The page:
Tragic Circus

What is the price of a good story? That’s the question Ace in the Hole reporter Charles Tatum must ask himself as he navigates what could be the defining event of his career. Fired from numerous newspaper jobs for being a drunk, Tatum takes a job at a New Mexico paper he barely considers worth his time. On the way to cover a drab story on a rattlesnake hunt, he chances upon a front page story waiting for him to write it: a man trapped in a mine said to be home to angry Native American spirits. He endears himself to the miner and his family, quickly establishing a bond of trust, while simultaneous plotting with the town’s sheriff to ensure that the hullabaloo keeps up long enough to benefit them both.

Charles Tatum is another in the long line of slimy, hardened reporters portrayed in film. He does a lot of questionable things: he doesn’t admit to the miner’s family that he’s a reporter for some time after he’s begun covering the story, he lies, he endangers his source and gets too personally attached. There’s none of the impartiality and distance that modern journalism so values. Tatum is out to make money, selling his story to the highest bidder. He’s a quintessential part of the old school, working man’s journalism. He tells his young photographer “I didn’t go to college. I know what makes a good story because before I worked on a paper I sold them on a street corner.”

And, he says, bad news sells. Well, that’s certainly true. Thousands flock to see Leo Minosa’s tragedy. Whole families come, setting up camp near the mine just to be a part of the action, generally getting in the way and being insensitive. It’s not exactly an argument for the importance of news stories. The news coverage adds stress and pomp to a dire situation.

For much of the movie, Tatum seems to be torn between his instincts as a journalist and his humanity. To extend the story’s run for as long as possible, he keeps Minosa underground for days, when he could have been safely extracted in hours. He lies to the doctor, agreeing that Minosa will be out from underground in a day’s span, before turning around and ordering the construction head to find a drill to go through the entire mountain. He encourages the tents and carnival rides and the radio broadcasts painting him in a shining light. He colors outside the lines of truth in almost all his stories, portraying Mrs. Minosa as a fawning, worried spouse and not an opportunist. For most of the movie, he seems firmly committed to the dark side, and he’s dragging his young colleague along with him.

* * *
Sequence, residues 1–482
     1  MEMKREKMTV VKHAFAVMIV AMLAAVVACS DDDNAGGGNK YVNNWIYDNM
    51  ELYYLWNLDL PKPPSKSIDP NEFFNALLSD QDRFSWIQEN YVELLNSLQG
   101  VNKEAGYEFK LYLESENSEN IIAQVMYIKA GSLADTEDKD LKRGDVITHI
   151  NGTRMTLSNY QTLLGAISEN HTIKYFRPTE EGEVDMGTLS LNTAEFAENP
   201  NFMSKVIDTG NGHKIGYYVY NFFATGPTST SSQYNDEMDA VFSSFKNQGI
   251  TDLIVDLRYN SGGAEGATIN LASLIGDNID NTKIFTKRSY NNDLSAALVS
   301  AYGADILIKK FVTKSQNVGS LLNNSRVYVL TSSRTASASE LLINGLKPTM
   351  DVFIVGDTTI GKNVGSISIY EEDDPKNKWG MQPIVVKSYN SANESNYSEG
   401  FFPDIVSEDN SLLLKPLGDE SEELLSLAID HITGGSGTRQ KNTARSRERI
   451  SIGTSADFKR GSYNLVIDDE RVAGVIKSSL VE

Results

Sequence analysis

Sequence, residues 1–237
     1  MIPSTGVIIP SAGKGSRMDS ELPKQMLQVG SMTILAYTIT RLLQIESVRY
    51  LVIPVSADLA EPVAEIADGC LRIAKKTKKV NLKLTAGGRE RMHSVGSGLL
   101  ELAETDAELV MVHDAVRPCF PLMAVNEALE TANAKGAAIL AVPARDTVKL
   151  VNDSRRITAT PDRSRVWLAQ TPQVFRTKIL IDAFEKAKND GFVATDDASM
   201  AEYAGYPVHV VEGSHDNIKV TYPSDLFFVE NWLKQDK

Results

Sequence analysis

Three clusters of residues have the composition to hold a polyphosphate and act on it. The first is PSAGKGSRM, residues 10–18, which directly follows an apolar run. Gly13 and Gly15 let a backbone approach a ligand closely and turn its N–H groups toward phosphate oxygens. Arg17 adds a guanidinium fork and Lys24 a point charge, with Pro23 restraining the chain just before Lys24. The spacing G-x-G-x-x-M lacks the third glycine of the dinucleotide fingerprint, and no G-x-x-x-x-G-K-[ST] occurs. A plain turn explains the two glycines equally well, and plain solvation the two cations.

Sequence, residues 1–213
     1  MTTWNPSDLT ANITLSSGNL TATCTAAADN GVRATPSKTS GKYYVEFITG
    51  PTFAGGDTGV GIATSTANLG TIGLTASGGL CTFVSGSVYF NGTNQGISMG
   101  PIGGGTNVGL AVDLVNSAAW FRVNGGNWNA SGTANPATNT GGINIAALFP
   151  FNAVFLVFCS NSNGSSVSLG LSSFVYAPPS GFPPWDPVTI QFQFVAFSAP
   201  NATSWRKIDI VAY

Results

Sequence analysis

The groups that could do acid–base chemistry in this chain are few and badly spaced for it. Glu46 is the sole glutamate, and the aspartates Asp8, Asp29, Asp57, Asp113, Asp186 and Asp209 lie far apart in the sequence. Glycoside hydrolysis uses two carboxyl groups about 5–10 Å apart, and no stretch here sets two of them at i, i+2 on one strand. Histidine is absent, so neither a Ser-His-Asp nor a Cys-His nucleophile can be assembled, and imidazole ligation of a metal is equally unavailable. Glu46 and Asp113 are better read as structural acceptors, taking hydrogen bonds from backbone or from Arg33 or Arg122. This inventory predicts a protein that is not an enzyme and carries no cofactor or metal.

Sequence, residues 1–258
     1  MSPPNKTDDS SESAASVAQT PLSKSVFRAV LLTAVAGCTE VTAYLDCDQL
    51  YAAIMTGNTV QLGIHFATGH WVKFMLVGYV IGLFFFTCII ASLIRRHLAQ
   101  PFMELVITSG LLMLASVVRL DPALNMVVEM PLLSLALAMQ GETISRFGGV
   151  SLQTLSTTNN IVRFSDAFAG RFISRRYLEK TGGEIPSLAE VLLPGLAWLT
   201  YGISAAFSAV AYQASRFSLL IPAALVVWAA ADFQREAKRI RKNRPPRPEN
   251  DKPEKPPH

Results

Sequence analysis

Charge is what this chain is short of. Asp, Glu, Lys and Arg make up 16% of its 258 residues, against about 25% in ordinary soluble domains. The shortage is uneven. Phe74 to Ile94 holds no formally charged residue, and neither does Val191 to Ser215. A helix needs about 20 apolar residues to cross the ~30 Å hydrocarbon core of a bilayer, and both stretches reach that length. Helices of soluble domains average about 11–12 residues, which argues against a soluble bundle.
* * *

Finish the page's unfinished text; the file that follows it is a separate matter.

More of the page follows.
But at the cost of him being heartless and manipulative, he’s getting a great story. Though he certainly is doing a lot of things he’s not supposed to, in some aspects he’s successful. He gets to the story before anyone else, sensing something newsworthy before he even speaks to anyone. He is calm, reassuring; he coaxes the story out of the family of the miner, out of the miner himself. He becomes enmeshed in the miner’s tale, living in his house, spending almost all his time with the story. Minosa calls him his “best friend.” He taps on his typewriter till all hours of the night, working around the clock.

But he only regains his humanity when he stops pursuing the story. When he finally starts to understand what he has done, he can only attempt to limit the damage. He doesn’t return his editor’s phone calls, at the cost of the job he’s worked so hard and burned so many bridges to land. He can’t save Minosa; he can only get him some oxygen, a priest, try to stop the suffering. When he finally dies, Tatum has to go outside and face the crowds of people he drew there. He has to try to provide a solemn moment for the miner in the midst of the balloons and Ferris wheels. The other reporters don’t have time for that: they rush back to their tent to dial their editors and get the story in. In a way, Tatum is irredeemable, but his only chance at being someone we can root for is when he stops trying to be a journalist.


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